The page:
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Ireland Manufacturing Sector Deteriorates On COVID-19 Outbreak

Ireland's manufacturing sector contracted in March as the coronavirus outbreak disrupted supply chains and a collapse in demand and confidence, survey data from IHS Markit showed on Wednesday.

The seasonally adjusted AIB factory Purchasing Managers' Index, or PMI, fell to 45.1 in March from 51.2 in February. This was the sharpest downturn since August 2009. Any reading below 50 indicates contraction in the sector.

The volume of new orders and new export orders declined in March, with the rate of contraction fastest registered since April 2009. New orders decrease was led by substantial drop in demand related to the accelerating COVID-19.

The Output Index decreased in March to signal the fastest contraction in manufacturing production since June 2009. This was driven by the collapse in incoming new work and widespread disruption to supply chains and purchasing due to coronavirus outbreak.

Employment decreased moderately in three of the previous four months and the latest decline was the fastest since July 2009.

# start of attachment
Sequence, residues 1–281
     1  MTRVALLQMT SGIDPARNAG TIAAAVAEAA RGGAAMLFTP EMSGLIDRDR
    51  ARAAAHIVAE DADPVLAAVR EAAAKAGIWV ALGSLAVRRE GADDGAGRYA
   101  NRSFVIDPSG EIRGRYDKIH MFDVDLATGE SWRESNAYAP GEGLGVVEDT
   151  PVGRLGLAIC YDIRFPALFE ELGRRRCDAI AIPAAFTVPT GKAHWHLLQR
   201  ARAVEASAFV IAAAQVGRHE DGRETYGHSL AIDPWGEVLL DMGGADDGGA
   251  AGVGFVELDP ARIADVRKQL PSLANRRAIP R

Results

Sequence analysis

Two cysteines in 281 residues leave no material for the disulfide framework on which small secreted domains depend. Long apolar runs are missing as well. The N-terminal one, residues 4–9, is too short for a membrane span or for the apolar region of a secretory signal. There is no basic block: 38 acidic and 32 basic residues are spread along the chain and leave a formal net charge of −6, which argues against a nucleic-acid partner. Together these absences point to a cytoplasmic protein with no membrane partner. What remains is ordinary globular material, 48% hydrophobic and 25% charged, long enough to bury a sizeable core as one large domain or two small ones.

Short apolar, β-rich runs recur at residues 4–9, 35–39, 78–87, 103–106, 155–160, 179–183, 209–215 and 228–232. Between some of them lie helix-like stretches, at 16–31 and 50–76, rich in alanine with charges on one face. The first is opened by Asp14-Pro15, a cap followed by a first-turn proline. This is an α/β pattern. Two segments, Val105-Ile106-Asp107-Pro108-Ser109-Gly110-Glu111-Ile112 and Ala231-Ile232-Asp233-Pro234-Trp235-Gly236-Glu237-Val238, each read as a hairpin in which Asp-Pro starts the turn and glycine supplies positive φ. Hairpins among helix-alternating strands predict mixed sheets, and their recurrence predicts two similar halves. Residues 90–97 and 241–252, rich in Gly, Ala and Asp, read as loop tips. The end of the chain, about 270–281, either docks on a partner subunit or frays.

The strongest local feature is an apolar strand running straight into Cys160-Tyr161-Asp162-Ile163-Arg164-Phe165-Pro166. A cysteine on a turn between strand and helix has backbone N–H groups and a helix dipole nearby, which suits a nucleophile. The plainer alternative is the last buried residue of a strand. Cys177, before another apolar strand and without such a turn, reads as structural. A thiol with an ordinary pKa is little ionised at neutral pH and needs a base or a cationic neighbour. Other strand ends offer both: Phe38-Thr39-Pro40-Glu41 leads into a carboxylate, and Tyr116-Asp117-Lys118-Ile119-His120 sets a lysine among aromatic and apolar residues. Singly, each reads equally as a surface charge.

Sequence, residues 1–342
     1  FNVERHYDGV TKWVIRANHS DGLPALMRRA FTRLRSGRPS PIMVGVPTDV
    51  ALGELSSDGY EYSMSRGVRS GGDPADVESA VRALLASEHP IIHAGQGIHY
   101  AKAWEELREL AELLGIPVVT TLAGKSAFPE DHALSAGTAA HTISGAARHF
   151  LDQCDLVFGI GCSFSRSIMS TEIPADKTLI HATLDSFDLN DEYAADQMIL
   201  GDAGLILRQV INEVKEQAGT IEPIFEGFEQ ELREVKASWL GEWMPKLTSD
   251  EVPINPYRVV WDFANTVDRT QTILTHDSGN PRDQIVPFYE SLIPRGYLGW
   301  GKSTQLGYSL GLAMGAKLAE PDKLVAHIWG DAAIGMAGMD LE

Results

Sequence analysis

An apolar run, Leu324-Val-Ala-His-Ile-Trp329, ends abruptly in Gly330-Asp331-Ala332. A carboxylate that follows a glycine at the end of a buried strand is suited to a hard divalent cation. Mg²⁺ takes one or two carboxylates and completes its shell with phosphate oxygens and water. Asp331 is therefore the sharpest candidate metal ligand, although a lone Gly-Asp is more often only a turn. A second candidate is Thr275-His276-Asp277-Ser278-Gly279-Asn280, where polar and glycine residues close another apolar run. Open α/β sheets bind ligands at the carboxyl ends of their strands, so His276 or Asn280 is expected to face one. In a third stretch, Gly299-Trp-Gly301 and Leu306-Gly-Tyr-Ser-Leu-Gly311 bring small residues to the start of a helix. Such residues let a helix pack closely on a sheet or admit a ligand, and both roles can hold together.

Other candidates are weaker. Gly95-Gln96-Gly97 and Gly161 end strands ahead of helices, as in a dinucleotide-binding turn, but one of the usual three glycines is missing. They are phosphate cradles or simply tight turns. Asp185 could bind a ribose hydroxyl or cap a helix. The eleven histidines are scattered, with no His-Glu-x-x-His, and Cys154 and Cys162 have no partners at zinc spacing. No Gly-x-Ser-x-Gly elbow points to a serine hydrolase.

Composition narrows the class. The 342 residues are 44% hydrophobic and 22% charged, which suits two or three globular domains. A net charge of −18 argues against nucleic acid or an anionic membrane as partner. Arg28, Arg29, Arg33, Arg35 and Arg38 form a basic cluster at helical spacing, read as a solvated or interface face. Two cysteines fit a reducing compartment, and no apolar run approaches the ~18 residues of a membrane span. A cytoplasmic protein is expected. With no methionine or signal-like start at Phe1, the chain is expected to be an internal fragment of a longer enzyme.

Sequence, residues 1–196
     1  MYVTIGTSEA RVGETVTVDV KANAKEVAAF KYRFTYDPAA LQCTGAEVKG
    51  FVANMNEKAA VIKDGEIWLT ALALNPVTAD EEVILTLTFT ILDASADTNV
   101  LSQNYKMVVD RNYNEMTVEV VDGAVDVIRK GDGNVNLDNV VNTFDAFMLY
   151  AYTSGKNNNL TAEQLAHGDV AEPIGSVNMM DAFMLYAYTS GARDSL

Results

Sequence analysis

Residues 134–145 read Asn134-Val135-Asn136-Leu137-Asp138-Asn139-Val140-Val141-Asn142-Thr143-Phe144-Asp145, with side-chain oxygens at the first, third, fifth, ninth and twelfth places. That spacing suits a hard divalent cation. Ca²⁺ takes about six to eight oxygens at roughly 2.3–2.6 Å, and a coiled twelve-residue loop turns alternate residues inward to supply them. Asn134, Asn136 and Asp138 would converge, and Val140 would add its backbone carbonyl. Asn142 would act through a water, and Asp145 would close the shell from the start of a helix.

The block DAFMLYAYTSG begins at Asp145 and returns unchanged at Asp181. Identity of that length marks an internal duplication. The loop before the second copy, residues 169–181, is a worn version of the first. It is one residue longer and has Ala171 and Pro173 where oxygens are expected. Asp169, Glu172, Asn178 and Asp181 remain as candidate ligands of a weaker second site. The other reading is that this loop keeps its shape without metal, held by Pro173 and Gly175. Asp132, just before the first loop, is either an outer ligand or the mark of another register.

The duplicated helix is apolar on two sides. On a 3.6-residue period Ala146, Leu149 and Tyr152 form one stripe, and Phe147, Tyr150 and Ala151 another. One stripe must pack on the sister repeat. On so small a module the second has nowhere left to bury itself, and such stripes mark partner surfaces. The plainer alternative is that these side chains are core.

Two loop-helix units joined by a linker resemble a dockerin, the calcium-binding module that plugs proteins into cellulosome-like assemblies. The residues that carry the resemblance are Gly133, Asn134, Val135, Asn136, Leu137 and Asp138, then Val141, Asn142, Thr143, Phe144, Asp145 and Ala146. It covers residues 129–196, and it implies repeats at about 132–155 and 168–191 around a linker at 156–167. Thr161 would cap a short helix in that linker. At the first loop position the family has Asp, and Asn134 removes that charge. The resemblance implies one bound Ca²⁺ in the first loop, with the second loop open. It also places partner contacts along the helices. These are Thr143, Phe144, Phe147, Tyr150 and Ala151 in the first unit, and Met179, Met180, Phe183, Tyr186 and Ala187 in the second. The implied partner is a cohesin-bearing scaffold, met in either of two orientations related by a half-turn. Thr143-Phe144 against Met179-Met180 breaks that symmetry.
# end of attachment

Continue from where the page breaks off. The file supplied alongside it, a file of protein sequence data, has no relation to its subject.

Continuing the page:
The 12-month outlook for production was the worst on record. The Future Output Index posted a record monthly decline and was at the lowest since July 2012.

Manufacturers reduced their purchases of new inputs as new orders declined at a faster rate. Overall purchase activity declined at the sharpest rate since September 2011. Firms reduced their own prices marginally for the first time in six months.

Overall, the PMI data confirm that there was an abrupt and steep fall in manufacturing in March, Oliver Mangan, an AIB chief economist, said. "Worse is to come, but there is also scope for a sharp rebound in activity when the coronavirus pandemic abates," Mangan added.

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